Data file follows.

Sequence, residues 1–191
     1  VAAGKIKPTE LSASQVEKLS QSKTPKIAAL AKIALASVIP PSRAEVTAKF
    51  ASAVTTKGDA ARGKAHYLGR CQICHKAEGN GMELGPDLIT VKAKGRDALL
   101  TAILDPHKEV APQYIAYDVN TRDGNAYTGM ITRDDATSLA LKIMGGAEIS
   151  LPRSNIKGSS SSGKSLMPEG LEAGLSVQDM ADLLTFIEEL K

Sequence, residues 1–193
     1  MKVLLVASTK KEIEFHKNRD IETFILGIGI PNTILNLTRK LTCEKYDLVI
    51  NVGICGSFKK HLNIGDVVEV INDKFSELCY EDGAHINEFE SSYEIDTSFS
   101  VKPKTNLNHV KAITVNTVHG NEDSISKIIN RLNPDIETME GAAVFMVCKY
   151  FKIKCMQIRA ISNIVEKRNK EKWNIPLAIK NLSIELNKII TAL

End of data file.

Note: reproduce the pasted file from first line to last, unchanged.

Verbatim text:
Sequence, residues 1–191
     1  VAAGKIKPTE LSASQVEKLS QSKTPKIAAL AKIALASVIP PSRAEVTAKF
    51  ASAVTTKGDA ARGKAHYLGR CQICHKAEGN GMELGPDLIT VKAKGRDALL
   101  TAILDPHKEV APQYIAYDVN TRDGNAYTGM ITRDDATSLA LKIMGGAEIS
   151  LPRSNIKGSS SSGKSLMPEG LEAGLSVQDM ADLLTFIEEL K

Sequence, residues 1–193
     1  MKVLLVASTK KEIEFHKNRD IETFILGIGI PNTILNLTRK LTCEKYDLVI
    51  NVGICGSFKK HLNIGDVVEV INDKFSELCY EDGAHINEFE SSYEIDTSFS
   101  VKPKTNLNHV KAITVNTVHG NEDSISKIIN RLNPDIETME GAAVFMVCKY
   151  FKIKCMQIRA ISNIVEKRNK EKWNIPLAIK NLSIELNKII TAL